My friend Sue Dvorsky is stepping down as Iowa Democratic Party chair.
My feelings are profoundly mixed, even though it's not a surprise. Sue and Bob were among the first people I met 22 years ago when I moved to Iowa, and I doubt I'm ever going to see someone I'm as close to personally in a position like that again.
But we've missed her in the local trenches while she's been in the "view from 30,000 feet" job, and while she says she needs a break, we locals know she won't be able to stay away.
This wasn't supposed to happen, you know. This job is usually a one and done. Sue was just supposed to be VICE chair in 2010. But then Mike Kiernan got ill and Sue stepped up. Just-retired teacher from Johnson County (!) was an unusual resume for a job that usually goes to a Des Moines rainmaker.
She inherited a rough hand in 2010: a brutal national climate, a terminally weak incumbent governor, and a House recruiting class with a lot of empty seats.She did the best she could, along with executive director Norm Sterzenbach (also stepping down) and the rest of a great crew. Chet Culver lost, as he would have to any Republican other than Bob Vander Plaats, and the House fell.
But the Senate held, and almost unique among the nation, Iowa held its three Democratic congressional seats. Heck, Roxanne Conlin even won a county.
With Terrace Hill gone for the first time in 12 years and Mike Gronstal busy herding his 26 Senate cats, the chair role became the de facto spokesperson job for Iowa Democrats. Dvorsky put her own feisty - that word just comes to mind with Sue - feisty brand on the task and was wonderfully quotable.
Sue fights hard and fights partisan, but maintains personal class. She stood up to bullying tactics of both the right and left - I'm gonna get in trouble for bringing THAT up again - and maintained dignity through an ill-advised Occupy blockade of her office.
When Terry Branstad tried to pull a rabbit out of his hat with the Marion special election, Sue and the crew successfully fought back, recruiting an unbeatable candidate in Liz Mathis and cranking the field machine up to eleven.
Dvorsky fought hard and successfully, alongside Republican chair Matt Strawn, to keep the Iowa caucuses first in the nation. Sure, it was less than perfect, and one ur-left grumbler called it an "Obama Nuremberg rally" (the same guy who dubbed me the "assassin of hope"). But it was largely through her efforts that the traditional caucus alignment happened at all.
The crown jewel, of course, was the just completed general election. Sue helmed the most intense field operation we've ever seen, with just a hair under half the Obama vote in the bank before election day. Democrats regained the voter registration lead even though we have not had a major intra-party contest (the thing that drives people to check a party box) since the 2008 caucuses. All those Republican gains from the 2010 primary and 2012 caucuses? Gone.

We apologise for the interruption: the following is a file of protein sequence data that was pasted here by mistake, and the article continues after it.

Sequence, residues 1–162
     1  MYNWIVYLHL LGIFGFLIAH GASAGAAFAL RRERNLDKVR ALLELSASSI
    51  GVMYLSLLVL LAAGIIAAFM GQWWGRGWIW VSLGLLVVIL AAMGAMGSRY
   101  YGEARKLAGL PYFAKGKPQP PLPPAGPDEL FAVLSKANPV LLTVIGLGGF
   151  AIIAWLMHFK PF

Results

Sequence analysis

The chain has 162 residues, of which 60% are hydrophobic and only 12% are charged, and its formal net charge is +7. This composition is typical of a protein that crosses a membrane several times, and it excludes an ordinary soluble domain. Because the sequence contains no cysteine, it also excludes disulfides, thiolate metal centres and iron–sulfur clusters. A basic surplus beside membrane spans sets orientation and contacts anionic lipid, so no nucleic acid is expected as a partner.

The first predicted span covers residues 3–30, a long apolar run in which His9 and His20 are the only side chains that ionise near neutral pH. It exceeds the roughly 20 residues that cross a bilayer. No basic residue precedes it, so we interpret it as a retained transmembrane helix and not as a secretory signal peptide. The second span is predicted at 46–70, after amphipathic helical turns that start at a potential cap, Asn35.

Democrats picked up seven net seats in the Iowa House, just a couple heartbreakers away from control, and most critically the Senate held.
Sure, Leonard Boswell lost, but frankly that was his fault. And in retrospect the 4th CD was unwinnable, but Christie Vilsack gave Steve King the fight of his life. And in eastern Iowa, where Republicans were supposedly making "serious" efforts," Dave Loebsack and Bruce Braley scored solid wins.
A lot of other people were involved in all that, sure. But all in all, those are some solid laurels for Sue to rest on. Not that I can imagine her resting for long.
(Sue and Bob are great parents, too, and that's really their greatest accomplishment. It's been a sacrifice for the family with four Dvorskys in four places. It's been fun watching Ann and Caroline grow up and follow in the family footsteps.)
Compare all this to the unmitigated disaster that the other team is dealing with right now: internal factional warfare, a donor revolt, a national delegation that embarrassed the nominee, and an open feud between chair A.J. Spiker and the sitting five term Republican governor.
Funniest headline of the week comes from the Coralville Courier: It's time for the Tea Party and Liberty groups to take over the GOP. That hasn't already happened? Spiker's just the figurehead of a larger problem, and Strawn was the fall guy for problems that were primarily local. But they both show the difference a chair can make.
The Democratic chair will now go, quite frankly, to whoever Tom Harkin wants, which is how it usually works in his election cycles (and don't doubt for a minute that he IS running). State Rep. Tyler Olson is the first name getting mentioned. Whoever it is will have big shoes to fill. Welcome home, Sue.